For live links, click to: riverhouses.org/2019-jefferson-library 😊
Tuesday is Books & Libraries Day here at the River Houses, and since this Saturday (13 April) is Thomas Jefferson’s birthday, why not spend some time with your students this week on a ready-made lesson plan from the Library of Congress that asks you to evaluate the case for purchasing Thomas Jefferson’s personal library as a resource for the nation:
- ➔ Thomas Jefferson’s Library: Making the Case for a National Library (Library of Congress Lesson Plan)
In the lesson, which uses original sources, students are asked to “examine a letter written by Thomas Jefferson and identify techniques he used to persuade Congress to purchase his personal library. Students consider a selection of Jefferson’s books and then write their own persuasive letters urging the books’ purchase, while considering the question: ‘Why would Congress need this book to shape or govern the nation?’”
The lesson is recommended for grades 6–12, and it includes all the background material needed. I have a feeling it’s just the kind of project that some clever homeschoolers could dive right into. 😊
Jefferson did succeed in persuading Congress to purchase his library, and his books became the core collection of the Library of Congress, our national library. Every American should know the story:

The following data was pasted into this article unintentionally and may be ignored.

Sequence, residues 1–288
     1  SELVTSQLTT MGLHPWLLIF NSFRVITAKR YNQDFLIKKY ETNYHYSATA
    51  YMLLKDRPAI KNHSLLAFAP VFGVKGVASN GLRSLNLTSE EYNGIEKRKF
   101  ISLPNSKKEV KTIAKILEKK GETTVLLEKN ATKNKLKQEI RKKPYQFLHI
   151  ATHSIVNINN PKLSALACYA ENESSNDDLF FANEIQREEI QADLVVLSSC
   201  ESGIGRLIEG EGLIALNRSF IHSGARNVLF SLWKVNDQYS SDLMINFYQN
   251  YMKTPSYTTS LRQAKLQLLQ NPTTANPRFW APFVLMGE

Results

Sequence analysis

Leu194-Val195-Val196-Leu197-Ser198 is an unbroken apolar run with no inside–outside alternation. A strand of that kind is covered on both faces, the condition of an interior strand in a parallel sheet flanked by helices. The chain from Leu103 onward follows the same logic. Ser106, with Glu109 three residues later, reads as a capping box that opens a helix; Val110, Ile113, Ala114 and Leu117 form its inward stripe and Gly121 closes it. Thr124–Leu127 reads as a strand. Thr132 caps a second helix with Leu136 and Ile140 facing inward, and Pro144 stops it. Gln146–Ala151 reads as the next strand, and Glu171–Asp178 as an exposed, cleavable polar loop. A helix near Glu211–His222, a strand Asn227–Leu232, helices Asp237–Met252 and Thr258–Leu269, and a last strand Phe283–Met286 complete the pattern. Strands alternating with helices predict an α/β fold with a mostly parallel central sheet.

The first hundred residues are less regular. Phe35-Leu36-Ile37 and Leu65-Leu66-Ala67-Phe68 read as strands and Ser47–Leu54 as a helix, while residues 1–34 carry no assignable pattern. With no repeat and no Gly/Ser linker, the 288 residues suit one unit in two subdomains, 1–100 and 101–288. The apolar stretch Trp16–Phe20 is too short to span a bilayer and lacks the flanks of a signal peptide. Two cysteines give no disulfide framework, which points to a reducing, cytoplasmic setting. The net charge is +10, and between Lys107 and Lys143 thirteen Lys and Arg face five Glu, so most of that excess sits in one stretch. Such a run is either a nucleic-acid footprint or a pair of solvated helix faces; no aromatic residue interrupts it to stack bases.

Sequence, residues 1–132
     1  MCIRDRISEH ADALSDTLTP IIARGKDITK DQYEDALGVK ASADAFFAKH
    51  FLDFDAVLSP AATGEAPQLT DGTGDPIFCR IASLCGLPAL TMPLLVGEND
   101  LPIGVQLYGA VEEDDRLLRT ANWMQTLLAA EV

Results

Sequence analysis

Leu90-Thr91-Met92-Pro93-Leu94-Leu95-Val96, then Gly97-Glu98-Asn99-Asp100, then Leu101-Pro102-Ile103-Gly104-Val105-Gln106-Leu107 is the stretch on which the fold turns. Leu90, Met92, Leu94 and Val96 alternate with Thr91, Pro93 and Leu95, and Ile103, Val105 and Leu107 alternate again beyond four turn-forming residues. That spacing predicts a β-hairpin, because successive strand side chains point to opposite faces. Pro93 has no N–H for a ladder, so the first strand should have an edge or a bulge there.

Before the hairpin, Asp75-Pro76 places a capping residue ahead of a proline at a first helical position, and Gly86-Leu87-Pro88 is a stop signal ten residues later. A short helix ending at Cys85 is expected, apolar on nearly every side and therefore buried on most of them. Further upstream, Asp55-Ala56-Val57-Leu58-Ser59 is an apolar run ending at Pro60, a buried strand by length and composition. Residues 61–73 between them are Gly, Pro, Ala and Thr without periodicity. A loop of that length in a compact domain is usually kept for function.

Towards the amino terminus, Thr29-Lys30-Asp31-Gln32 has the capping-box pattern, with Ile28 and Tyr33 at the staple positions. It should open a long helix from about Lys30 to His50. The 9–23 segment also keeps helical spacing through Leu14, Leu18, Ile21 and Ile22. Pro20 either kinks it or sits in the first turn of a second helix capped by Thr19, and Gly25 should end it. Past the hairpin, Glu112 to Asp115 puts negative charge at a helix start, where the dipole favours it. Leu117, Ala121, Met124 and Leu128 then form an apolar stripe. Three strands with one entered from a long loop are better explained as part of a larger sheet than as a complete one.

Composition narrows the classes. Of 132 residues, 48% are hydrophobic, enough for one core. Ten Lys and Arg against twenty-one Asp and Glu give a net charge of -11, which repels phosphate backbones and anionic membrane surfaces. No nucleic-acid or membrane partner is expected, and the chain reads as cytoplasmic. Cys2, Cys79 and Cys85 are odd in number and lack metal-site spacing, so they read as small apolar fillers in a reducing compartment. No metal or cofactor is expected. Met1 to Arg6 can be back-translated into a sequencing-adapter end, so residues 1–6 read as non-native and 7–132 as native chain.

“On April 24, 1800, President John Adams approved an appropriation of $5,000 for the purchase of “such books as may be necessary for the use of [C]ongress.”
“The first books purchased were ordered from London and arrived in 1801. The collection of 740 volumes and three maps was stored in the U.S. Capitol, the Library’s first home. At the time, it was not yet much of a building — only its north wing had been completed.
“From 1802 to 1805, the small collection was located in a room previously occupied by the House of Representatives. It was later moved to various places in the Capitol until August 24, 1814, when the British burned and destroyed the Capitol, including the Library.
“To replace the loss, Thomas Jefferson in 1815 sold his personal library of 6,487 volumes — which was then unrivaled in America — to Congress. Sadly, a second fire on Christmas Eve of 1851 destroyed two-thirds of those volumes. But the Jefferson books nonetheless remain the core from which the Library’s present collections grew.“ (Library of Congress Blog)
What treasures have you discovered in your library lately? 😊
❡ Explore more: Have you visited all the local libraries in your area? There may be more than you realize! The WorldCat Library Finder (worldcat.org/libraries) will help you locate all the libraries near you — public and private, large and small — and the WorldCat catalog itself (worldcat.org) will help you find the closest copy of almost any book in the world. 😊
❡ When in doubt, go to the library: This is one of our regular Homeschool Books & Libraries posts. Add your name to our weekly mailing list (riverhouses.org/newsletter) and get great homeschool teaching ideas delivered right to your mailbox all through the year. 📚